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What are modules and where do they come from?

Discussion in 'Scripting & Programming' started by tripwire45, Mar 19, 2008.

  1. tripwire45
    Honorary Member

    tripwire45 Zettabyte Poster

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    The tutorial I'm currently working from to learn Python doesn't have a lot of "concept" information which is both good and bad. It's good in that it gets me to writing code fast so I can get my hands dirty and it's bad in that there isn't a lot of explanation to help me understand what things are and why they work.

    Chapter 12 is called "Using Modules" (and I finally found out why the "import something" statement is at the top of certain Python programs) but it doesn't really explain what a module is and where it comes from. The "import" implies that it comes from "outside" and into the program but where is its point of origin (I know I'm qualifying myself as a total moron here, but bear with me...no one is born knowing this stuff and I'm operating without the benefit of a degree in Computer Science)?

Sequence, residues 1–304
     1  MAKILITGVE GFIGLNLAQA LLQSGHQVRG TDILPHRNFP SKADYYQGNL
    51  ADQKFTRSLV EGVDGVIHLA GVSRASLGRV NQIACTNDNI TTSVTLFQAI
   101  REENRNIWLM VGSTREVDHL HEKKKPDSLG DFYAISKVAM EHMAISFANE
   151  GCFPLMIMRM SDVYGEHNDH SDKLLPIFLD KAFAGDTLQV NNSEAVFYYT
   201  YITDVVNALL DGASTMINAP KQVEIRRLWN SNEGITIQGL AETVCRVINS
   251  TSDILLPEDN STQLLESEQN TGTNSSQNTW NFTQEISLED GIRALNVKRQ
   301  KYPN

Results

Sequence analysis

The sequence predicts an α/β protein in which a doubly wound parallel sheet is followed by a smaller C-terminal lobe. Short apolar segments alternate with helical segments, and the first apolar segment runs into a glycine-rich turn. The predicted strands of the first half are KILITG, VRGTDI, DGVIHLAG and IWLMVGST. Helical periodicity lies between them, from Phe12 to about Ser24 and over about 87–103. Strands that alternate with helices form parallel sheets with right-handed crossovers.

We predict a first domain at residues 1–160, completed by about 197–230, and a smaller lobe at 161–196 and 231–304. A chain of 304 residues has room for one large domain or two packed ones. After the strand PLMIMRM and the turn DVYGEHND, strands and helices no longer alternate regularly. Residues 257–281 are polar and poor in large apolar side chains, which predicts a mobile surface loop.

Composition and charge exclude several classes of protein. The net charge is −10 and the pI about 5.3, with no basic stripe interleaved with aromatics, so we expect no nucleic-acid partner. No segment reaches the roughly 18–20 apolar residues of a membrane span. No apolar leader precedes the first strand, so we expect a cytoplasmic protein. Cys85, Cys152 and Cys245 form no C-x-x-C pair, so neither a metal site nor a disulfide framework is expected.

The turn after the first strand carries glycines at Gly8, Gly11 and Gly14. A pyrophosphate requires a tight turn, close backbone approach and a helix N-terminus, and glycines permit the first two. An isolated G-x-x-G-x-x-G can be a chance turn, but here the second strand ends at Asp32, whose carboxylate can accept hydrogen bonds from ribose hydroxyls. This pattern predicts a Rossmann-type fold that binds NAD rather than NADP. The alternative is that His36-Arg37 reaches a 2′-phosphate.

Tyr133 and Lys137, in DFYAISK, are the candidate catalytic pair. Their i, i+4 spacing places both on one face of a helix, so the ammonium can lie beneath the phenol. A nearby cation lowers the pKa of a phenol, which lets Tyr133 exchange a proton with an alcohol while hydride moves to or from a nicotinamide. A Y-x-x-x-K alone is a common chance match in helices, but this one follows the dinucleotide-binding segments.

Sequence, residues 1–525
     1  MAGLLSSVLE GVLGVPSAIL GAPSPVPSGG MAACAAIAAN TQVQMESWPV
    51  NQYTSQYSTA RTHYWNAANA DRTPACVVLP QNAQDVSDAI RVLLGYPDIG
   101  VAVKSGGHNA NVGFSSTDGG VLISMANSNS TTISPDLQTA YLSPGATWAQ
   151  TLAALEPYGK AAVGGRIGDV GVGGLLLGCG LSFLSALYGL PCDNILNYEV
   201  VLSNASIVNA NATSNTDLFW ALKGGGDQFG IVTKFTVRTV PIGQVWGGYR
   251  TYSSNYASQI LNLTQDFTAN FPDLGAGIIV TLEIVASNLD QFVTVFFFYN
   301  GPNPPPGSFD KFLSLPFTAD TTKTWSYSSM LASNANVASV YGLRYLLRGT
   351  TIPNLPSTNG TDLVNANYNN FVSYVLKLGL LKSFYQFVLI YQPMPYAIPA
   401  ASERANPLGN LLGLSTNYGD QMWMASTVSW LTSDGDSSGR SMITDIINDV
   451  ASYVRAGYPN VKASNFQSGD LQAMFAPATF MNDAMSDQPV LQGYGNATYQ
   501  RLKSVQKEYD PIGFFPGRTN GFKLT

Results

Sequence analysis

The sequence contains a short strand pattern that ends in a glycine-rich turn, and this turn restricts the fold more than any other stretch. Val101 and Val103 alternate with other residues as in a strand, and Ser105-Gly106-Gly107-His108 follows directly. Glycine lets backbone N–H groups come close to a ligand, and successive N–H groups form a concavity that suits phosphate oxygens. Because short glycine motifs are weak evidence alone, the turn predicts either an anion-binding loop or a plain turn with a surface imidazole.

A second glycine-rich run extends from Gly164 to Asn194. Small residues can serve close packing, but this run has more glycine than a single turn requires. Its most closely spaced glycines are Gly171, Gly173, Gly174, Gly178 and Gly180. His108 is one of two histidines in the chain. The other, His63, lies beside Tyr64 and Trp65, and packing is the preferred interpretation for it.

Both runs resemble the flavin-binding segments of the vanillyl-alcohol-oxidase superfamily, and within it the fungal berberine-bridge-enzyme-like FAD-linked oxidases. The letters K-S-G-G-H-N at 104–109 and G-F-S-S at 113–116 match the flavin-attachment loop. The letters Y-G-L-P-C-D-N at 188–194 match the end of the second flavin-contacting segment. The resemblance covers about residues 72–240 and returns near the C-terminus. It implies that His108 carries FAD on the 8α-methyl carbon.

I've tried looking online, but while I can find a great deal about specific Python modules, I can't find a simple definition. Same with the Python books I have access to. I know other programming languages (Perl, for one) use modules, but can anyone give me a simple, straightforward definition/explanation as to what a module is and where they are magically imported from?

    Thanks (once again, chagrined). :oops:
     
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  2. Fergal1982

    Fergal1982 Petabyte Poster

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    This is just a stab in the dark, but it sounds similar to the imports/using features on vb.net/c#. Based on that, I would guess that its importing functions, etc into your script.